What do you do at Roche?

My role at Roche is Associate Director within Safety Science (Oncology). In Safety Science, we are responsible for monitoring and recording the safety profile of new medicines which Roche are developing. We are an important part of the global teams across different functions that develop medicines for the future. We ensure that the safety of patients is taken into consideration constantly and in every aspect, from the first time the medicine is trialled in humans in the clinical development stage, to the time the medicine has a marketing authorisation (meaning it can be prescribed by a healthcare professional to patients who could benefit).

How did you get to where you are currently?

I trained as a Pharmacist and initially worked in retail pharmacy. My career in the pharmaceutical industry and Safety started with adverse event case processing and regulatory submissions in a role at another pharmaceutical company within one of their locally based campuses. From there I moved to Roche, where the small safety group in the UK was developing from performing medical evaluation of adverse event cases to being responsible for all the safety aspects of the medicinal products within the group. With time, more functions got involved with supporting safety tasks, such as medical writers for periodic reports and the role within safety science was expanded even further with the extensive EU guidance and legislation for pharmacovigilance. I stayed in this role as it evolved because I really enjoyed being able to be responsible in this key area and appreciated feeling that I was able to contribute to helping keep patients safe.  

What does a typical day look like for you?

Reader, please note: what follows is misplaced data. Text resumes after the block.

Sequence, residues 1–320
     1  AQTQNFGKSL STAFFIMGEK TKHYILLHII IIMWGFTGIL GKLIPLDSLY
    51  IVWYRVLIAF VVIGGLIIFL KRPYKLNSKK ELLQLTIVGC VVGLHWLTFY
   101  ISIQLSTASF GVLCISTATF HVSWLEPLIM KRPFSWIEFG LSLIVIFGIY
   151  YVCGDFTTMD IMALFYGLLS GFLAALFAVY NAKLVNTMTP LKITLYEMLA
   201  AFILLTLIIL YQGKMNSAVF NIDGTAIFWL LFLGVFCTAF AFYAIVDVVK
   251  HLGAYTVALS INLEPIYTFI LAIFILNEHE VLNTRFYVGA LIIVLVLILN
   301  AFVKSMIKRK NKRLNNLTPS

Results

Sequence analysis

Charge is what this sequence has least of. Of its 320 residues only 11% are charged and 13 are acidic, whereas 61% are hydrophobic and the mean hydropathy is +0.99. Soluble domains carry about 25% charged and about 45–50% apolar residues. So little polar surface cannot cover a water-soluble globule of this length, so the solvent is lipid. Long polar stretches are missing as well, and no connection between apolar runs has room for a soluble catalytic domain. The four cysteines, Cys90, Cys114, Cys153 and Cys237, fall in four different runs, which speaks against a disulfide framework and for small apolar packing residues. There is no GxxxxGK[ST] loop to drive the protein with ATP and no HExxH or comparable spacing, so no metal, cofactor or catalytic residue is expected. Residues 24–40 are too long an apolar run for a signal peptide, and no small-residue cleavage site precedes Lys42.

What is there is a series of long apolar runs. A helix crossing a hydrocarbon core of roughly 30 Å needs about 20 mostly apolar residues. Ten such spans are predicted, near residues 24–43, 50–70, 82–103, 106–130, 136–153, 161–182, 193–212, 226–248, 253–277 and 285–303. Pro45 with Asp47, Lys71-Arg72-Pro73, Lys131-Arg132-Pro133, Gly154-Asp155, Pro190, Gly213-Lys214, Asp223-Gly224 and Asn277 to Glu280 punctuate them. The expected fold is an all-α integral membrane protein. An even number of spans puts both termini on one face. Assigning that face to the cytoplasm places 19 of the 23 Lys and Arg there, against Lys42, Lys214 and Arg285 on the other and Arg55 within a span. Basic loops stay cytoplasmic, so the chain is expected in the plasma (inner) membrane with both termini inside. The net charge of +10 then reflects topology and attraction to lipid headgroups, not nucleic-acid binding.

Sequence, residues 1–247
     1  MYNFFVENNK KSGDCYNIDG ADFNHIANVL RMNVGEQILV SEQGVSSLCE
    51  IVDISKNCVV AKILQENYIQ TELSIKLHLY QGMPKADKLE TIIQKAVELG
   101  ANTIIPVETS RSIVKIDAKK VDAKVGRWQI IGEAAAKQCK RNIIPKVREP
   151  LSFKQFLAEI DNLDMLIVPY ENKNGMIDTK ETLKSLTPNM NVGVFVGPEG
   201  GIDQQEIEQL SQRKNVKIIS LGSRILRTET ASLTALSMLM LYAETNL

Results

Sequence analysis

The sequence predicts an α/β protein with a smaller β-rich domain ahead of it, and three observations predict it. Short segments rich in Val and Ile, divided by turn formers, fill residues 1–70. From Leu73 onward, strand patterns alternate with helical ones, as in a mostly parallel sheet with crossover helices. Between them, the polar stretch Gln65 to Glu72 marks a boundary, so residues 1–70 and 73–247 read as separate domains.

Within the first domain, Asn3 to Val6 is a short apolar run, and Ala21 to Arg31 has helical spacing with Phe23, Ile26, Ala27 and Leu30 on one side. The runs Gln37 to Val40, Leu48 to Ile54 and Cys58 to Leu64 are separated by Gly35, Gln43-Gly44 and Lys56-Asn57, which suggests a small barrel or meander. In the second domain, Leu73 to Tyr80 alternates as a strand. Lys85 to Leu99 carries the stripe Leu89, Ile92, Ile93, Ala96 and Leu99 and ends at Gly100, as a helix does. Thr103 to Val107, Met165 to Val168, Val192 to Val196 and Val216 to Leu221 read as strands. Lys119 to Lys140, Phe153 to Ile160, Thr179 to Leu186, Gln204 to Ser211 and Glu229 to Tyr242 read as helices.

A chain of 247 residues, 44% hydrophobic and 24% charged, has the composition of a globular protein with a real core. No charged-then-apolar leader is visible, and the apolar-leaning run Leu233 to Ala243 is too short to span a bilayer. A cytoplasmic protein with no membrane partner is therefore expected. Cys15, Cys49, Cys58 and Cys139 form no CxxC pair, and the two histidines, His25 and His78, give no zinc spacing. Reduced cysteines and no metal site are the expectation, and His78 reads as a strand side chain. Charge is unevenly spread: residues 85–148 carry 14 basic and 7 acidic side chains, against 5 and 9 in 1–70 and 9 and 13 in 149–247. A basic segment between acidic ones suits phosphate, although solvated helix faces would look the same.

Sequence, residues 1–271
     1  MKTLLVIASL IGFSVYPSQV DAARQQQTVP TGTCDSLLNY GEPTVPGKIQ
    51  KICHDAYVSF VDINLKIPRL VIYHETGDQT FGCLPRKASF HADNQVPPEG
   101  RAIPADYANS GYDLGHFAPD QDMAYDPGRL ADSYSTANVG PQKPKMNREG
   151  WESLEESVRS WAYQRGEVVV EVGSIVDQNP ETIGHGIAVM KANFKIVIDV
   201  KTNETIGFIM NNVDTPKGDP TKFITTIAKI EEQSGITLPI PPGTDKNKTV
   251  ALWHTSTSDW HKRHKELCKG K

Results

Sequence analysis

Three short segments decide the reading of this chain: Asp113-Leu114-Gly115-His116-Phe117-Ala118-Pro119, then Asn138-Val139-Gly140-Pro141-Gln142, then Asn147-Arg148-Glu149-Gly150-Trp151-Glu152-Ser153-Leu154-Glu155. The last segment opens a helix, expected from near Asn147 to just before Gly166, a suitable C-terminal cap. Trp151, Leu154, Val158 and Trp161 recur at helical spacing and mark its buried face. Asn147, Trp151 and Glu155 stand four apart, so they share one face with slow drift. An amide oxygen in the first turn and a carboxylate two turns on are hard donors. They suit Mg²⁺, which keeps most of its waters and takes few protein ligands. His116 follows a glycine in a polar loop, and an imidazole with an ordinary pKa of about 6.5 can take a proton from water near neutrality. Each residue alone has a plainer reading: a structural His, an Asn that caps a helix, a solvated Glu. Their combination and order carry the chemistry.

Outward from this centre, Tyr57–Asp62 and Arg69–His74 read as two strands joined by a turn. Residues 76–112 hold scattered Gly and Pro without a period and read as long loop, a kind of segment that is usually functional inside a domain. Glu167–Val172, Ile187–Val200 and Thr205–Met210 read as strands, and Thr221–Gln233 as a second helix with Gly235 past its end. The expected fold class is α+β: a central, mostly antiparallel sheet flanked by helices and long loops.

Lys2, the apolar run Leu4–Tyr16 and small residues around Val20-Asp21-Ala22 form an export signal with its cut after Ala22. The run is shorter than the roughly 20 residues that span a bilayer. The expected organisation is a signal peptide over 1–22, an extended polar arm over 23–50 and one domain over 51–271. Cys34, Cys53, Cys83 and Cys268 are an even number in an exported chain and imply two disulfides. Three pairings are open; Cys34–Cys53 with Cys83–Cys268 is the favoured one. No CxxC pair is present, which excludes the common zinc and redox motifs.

Working on a medicine that is being tested in new disease areas involves a lot of activities, mostly extracting safety data from many sources, such as clinical study reports or the safety database, to use in response to questions from either regulatory authorities or from internal functions. We also use safety data to evaluate adverse events and the causal association with the medicine on an ongoing basis to ensure the safety information is always up to date. Meetings and scientific discussions are also a big part of the role and most days will involve cross-functional team meetings or other functional meetings to share knowledge and best practices. We work closely together on project activities with teams from across the globe – Switzerland, China, Japan, India and the USA.

How could you see your career developing in the future?

With even more medicines coming through from clinical trials and becoming available to patients, I feel the contribution within Safety Science is very important for patients. With more personalised medicines, this is also an opportunity to provide even more strategic input for safety to minimise risks to patients even further. I am currently part of the global development team program which gives me experience and insight into the operations of a large team and also provides a bigger perspective on the development activities of a medicinal project overall. As time goes on I suspect there will be further opportunities that will allow me to get more involved in the strategic aspects and providing safety input at a more strategic cross-functional and global level.

Why are you proud to work at Roche?

The people I work with are an intelligent and engaged group, always learning. The passion for patient safety comes from the top management in our group through to every level which enables me to know I can make a difference for a wider purpose: patient well-being with access to needed medicines with a good benefit-risk balance. Knowing that patients are put first makes me feel proud to work at Roche.

What three words would you use to describe Roche?

There are many words that come to mind however, I would use innovative, honest, inspirational. The Roche aim is summed up perfectly in doing now what patients need next, and for me patient safety is one of the key aspects for what patients need now and in the future.

Tags: Career Blog, UK